Easter. A holiday most frequently – and rightfully so – associated with the Christian commemoration of Jesus Christ’s resurrection. It is a celebration of faith, hope and love; a recollection and honouring of the highest price paid for humanity, the passion and death of the Christ, and the empty tomb.
Yet oddly enough, it is also a celebration of spring, multi-colored Easter eggs, the (likewise odd-enough) Easter Bunny, leg of lamb and Easter ham dinners, and a cornucopia of yummy sweet treats (marshmallows, jellybeans, chocolate eggs and bunnies, to name a few of the most popular.)
So how did we get from empty tomb to the Easter bunny?
Christian beliefs founded on Christ
Easter is perhaps the most revered and celebrated festival of the modern Christian church. The holiday celebrates Jesus Christ’s resurrection from the dead after three days in the tomb, marking the culmination of His passion and death. It is identified with the Passover (hence, today’s traditional Easter lamb dinner) and Exodus from Egypt, as recounted in the Old Testament, through the Last Supper Jesus celebrated with His disciples, and and His crucifixion and death before His resurrection. The New Testament tells us that Jesus gave the Passover meal a new meaning when He made Himself the ultimate Passover meal, symbolized by the Last Supper, and fulfilled by His passion and death.
Easter Sunday itself (and the Holy Week before it) is known as a moveable feast, in the sense that there is no fixed date for its celebration. It is, rather, determined on a lunisolar calendar, similar to the Hebrew calendar, and falls on the first Sunday following the full moon (also known as the Paschal Full Moon) after the March equinox. There are also differences in the way believers of Eastern and Western Christianity determine the date, with the former using the Gregorian calendar, and the latter, the Julian calendar.
Western Christianity comprises 80% of Christians across the globe, including the Roman Catholic Church and all denominations derived from it: Anglican Communion, Lutheranism, Presbyterianism, Methodism, Protestantism, Born-again Christianity, and offshoots thereof.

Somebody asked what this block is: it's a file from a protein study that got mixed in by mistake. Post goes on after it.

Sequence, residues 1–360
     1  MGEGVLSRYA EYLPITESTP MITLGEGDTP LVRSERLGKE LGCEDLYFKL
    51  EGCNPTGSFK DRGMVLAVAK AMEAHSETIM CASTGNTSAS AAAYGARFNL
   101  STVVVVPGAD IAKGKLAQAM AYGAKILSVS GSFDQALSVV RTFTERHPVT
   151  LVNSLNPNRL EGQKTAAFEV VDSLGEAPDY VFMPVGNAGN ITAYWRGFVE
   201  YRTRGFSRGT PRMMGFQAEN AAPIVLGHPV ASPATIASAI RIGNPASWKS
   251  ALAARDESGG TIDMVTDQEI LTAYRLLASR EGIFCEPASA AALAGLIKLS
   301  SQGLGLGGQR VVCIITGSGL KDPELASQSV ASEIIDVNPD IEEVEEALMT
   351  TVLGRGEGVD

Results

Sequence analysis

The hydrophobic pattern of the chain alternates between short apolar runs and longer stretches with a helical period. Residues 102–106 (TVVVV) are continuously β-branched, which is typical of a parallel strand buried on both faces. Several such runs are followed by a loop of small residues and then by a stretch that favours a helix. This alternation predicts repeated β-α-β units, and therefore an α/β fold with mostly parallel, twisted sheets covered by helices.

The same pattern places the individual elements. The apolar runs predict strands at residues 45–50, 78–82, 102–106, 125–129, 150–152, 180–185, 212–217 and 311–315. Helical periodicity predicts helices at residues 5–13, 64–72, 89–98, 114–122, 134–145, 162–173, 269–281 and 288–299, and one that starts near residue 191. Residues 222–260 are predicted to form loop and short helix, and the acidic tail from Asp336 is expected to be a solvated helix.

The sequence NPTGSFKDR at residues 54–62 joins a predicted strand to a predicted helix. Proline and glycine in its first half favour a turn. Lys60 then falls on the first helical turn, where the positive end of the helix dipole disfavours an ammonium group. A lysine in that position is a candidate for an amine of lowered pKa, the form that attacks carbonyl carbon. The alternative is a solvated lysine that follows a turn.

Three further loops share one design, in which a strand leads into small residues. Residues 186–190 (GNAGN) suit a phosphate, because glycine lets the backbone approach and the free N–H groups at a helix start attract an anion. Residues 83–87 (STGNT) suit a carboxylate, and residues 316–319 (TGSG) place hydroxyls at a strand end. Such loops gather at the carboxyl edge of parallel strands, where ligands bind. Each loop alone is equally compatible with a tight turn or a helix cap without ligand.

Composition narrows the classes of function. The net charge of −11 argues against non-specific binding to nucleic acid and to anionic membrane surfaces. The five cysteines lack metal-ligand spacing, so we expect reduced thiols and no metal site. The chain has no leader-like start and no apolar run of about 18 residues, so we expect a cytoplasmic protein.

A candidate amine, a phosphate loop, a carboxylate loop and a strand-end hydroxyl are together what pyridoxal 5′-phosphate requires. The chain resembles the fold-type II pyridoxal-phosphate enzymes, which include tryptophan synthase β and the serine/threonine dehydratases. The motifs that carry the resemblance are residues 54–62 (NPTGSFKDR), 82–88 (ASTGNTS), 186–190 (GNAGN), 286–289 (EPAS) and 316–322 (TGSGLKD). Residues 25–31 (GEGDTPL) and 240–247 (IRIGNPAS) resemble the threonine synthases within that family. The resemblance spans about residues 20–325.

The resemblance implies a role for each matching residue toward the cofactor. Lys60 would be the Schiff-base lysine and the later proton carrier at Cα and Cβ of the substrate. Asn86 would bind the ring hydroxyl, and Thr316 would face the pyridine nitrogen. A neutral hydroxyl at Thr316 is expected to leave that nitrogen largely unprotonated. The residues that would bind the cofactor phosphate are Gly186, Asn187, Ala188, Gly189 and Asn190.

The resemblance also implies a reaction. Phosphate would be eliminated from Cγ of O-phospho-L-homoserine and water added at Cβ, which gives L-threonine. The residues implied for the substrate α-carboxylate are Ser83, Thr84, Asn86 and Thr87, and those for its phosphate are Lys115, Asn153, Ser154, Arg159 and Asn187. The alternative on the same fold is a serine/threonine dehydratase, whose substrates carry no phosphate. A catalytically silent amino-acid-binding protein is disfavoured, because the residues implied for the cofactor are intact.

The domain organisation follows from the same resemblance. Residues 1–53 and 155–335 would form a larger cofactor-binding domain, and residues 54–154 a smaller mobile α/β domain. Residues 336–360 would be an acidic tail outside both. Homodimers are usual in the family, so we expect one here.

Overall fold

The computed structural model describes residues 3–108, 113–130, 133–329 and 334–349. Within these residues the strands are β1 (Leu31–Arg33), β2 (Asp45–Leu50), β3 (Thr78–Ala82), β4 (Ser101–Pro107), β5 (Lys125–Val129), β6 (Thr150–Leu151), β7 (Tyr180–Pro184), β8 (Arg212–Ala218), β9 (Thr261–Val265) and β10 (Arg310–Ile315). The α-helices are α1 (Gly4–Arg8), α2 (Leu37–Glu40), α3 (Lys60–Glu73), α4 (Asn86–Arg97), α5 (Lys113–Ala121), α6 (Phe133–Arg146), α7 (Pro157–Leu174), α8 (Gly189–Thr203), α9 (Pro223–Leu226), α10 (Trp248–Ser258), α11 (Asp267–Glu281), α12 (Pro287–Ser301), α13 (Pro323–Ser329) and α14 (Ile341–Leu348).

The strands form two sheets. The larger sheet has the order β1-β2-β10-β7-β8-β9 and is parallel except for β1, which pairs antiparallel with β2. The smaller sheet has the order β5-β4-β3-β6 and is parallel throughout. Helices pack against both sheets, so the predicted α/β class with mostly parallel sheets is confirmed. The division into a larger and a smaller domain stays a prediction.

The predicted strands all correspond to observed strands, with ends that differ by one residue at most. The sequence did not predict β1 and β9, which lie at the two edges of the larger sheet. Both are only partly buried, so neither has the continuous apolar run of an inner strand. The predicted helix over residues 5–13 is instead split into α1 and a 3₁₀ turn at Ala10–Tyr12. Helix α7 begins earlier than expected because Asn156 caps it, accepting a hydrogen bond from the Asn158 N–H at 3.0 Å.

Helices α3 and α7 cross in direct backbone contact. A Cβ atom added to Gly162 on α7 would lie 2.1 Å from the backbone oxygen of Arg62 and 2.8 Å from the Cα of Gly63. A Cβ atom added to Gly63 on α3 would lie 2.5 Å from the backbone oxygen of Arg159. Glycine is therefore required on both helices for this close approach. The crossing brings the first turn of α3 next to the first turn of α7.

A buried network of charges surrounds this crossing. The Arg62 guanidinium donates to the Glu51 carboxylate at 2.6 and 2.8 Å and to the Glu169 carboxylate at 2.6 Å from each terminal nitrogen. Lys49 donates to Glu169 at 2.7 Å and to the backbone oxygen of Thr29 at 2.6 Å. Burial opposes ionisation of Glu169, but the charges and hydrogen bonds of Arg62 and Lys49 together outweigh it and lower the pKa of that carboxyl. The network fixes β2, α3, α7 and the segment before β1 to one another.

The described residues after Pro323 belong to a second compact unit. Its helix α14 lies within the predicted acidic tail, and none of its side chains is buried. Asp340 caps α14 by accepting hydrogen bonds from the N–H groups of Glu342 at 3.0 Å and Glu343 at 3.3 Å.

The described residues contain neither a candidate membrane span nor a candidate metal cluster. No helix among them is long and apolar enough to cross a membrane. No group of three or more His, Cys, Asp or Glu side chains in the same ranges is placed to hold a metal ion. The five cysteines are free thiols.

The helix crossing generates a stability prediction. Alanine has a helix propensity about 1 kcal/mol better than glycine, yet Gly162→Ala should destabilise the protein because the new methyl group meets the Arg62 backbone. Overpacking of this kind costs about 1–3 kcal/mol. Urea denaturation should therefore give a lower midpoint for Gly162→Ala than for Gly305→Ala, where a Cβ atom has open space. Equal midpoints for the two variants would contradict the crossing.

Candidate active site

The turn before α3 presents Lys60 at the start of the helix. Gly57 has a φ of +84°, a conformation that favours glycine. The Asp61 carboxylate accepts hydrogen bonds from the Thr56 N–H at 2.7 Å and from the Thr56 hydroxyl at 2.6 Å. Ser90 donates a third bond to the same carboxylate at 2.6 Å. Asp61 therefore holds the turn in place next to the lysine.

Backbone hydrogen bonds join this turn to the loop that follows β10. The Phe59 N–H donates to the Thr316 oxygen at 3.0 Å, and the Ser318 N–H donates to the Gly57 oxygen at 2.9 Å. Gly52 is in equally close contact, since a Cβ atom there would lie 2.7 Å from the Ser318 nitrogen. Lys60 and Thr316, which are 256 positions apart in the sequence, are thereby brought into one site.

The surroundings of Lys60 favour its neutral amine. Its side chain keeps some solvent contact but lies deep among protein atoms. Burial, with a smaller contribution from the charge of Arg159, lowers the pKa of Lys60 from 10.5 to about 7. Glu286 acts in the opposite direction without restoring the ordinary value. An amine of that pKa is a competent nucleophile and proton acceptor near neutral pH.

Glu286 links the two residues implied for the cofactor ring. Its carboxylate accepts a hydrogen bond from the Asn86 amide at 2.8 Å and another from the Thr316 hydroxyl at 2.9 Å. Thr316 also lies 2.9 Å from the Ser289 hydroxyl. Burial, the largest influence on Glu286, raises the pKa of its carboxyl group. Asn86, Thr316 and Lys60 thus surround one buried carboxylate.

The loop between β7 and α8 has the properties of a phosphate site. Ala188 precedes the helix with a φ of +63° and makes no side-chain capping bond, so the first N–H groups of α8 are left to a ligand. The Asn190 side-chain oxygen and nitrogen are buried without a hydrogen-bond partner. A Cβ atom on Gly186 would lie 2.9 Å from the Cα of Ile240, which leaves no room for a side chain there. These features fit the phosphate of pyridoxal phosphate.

Most Western Christians celebrate an entire season leading up to Easter Sunday. This season is known as Lent, a 40-day period of fasting and penitence to commemorate the 40-days Jesus spent fasting in the desert. Lent, which begins on Ash Wednesday, is observed in preparation for Easter and lasts forty days (excluding Sundays). During lent, the devout pray, fast, and do penance to atone for their sins.
Strangely enough, in many cultures, this “holy season” is preceded by one big and excessive party; one “last hurrah”, if you will, before the fasting and penitence begin. The festivities take place on the Tuesday before Ash Wednesday, commonly known as Fat Tuesday, with the most popular (and notorious) celebrations being the Mardi Gras and Carnival in Rio de Janeiro.
The week before Easter is known as Holy Week, which begins with the Palm Sunday. The Wednesday before Easter is known as Spy Wednesday, while the last three days before Easter (also known as the Easter Triduum, Latin for “Three Days”) are Maundy Thursday, Good Friday and Holy Saturday (sometimes referred to as Silent or Black Saturday). During Holy Week, the faithful pray, fast, and – in many parts of the Christian world – reenact the Stations of the Cross, and Jesus’ passion and death.
Pagan roots and the goddess Eostre
Ironically enough – and, as you can imagine, hotly contested by the devout – historical accounts show that much of Easter as we know it is rooted in pagan traditions.
The celebration coincides with pagan rituals to mark the Vernal equinox, which falls on the 21st of March every year. This marked the end of the winter months, and the arrival of spring; the season closely associated with rebirth.
In ancient Teutonic mythology, spring was believed to come forth from the Eostre, the ancient Greek goddess of spring. It was a widely held belief in ancient Greece that every year, the goddess Eostre returned to Earth after a long, cold winter, bringing with her the much anticipated and awaited light and warmth of spring. To welcome, honour and thank Eostre – and to signal the start of spring – joyous pagan festivals were held across Greece.
As you have probably guessed, and by no far stretch of the imagination, the name “Easter” is said to have derived from “Eostre;” thus fueling the belief that the Christian festival was heavily influenced by pagan rites.